Politics and its Discontents: …Gone?

The tale of Eve Adams gets increasingly melodramatic, and increasingly reminiscent of Helena Guergis. That she will suffer Helena’s political fate is looking more likely with each passing day.

Readers may recall that prior to her fall from grace, Helena Guergis, at the Charlottetown airport in February of 2010, allegedly threw a tantrum and screamed . . . → Read More: Politics and its Discontents: …Gone?

Politics and its Discontents: What A Friend We Have In Stephen*

* With apologies to Joseph Scriven’s original hymn, What a Friend We Have in Jesus.

One can only assume that these days there are far fewer congregants lustily singing the praises of their dark lord and master, Stephen Harper, in that hallowed place of worship known as the Conservative caucus. Their faith has, in . . . → Read More: Politics and its Discontents: What A Friend We Have In Stephen*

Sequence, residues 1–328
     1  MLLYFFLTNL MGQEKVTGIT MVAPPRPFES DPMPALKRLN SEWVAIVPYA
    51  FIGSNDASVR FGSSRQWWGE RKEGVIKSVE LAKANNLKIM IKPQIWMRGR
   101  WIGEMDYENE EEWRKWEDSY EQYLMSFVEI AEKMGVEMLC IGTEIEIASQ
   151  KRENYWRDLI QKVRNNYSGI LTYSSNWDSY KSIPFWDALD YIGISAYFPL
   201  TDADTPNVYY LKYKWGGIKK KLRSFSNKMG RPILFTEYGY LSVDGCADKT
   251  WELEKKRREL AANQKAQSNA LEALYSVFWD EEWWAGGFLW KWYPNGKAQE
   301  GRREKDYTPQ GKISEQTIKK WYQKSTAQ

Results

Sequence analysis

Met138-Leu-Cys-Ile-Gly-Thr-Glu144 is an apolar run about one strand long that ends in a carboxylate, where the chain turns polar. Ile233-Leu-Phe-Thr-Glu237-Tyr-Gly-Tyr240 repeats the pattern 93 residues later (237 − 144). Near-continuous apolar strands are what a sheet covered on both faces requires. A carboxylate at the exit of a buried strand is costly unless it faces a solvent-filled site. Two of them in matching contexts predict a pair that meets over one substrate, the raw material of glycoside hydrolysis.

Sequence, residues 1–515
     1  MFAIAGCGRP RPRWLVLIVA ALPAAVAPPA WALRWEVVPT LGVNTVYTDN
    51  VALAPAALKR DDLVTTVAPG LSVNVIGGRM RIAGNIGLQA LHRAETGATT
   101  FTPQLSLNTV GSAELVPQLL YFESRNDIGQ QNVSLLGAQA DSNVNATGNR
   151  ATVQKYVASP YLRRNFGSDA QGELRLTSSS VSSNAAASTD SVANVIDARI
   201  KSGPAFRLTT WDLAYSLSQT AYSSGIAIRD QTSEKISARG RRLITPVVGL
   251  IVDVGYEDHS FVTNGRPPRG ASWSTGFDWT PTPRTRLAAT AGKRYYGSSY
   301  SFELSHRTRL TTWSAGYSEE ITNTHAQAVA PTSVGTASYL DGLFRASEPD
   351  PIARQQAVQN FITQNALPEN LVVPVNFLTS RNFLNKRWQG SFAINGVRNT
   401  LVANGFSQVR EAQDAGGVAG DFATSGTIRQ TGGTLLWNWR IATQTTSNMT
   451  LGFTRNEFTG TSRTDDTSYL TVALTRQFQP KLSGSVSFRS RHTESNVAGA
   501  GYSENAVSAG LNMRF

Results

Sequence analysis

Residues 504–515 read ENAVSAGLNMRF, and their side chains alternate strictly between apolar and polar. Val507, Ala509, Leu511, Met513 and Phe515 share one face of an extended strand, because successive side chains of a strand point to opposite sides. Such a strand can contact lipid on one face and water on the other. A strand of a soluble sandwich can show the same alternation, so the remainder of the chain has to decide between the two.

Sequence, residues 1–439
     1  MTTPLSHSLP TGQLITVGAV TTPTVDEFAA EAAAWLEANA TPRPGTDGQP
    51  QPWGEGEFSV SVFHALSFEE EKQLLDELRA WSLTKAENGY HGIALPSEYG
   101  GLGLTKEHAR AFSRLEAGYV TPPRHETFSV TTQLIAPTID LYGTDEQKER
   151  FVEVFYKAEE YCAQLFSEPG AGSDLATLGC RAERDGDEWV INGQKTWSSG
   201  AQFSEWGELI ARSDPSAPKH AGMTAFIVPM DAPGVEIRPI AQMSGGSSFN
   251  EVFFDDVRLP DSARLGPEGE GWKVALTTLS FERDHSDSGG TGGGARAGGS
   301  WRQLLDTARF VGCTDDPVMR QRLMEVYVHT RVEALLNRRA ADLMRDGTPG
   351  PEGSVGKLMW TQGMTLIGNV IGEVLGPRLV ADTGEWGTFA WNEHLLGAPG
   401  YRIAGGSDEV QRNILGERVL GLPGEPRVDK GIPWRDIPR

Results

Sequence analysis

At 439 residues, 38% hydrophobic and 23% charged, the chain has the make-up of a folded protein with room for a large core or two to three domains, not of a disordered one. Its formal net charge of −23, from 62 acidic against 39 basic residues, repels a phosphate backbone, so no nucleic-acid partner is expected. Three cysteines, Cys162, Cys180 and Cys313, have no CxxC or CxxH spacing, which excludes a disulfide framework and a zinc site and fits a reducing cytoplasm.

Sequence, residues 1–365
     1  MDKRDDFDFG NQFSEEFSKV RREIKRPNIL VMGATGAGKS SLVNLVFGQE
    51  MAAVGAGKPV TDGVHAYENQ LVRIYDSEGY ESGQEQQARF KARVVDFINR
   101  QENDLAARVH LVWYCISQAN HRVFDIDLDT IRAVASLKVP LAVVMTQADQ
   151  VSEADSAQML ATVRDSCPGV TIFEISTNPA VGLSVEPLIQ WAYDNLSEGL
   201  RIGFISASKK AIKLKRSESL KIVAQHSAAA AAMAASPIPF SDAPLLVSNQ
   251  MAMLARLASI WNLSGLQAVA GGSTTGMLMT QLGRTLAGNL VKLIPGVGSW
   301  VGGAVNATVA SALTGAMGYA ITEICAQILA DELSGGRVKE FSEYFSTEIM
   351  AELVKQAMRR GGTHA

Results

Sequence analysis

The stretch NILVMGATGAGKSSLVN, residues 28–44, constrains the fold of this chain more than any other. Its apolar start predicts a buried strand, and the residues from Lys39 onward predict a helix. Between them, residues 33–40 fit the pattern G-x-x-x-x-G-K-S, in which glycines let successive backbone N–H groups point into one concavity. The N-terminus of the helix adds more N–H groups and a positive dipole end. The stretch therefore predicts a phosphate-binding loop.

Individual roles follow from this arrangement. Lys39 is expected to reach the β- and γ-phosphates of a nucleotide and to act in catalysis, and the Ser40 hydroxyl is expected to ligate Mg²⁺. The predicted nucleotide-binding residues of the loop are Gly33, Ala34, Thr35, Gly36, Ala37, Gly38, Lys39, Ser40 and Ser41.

Politics and its Discontents: A Simple Truth

But one, of course, that our political overlords have no interest in considering:

Re: Polls expert fears Bill C-23 imperils voters’ rights, March 26

The response from Minister Pierre Poilievre’s office that “the Fair Elections Act simply requires voters to demonstrate who they are and where they live” shows a lack of understanding of . . . → Read More: Politics and its Discontents: A Simple Truth

Politics and its Discontents: On Tory Intractability And Contempt

Today’s blog entry is really a video one, based on the testimony yesterday of Harry Neufeld, the elections expert and former B.C. Chief Electoral Officer whose report is being consistently misrepresented by Pierre Poilievre in his zeal to suppress the vote through the misnamed ‘Fair’ Elections Act. Perhaps one of the most disturbing points to . . . → Read More: Politics and its Discontents: On Tory Intractability And Contempt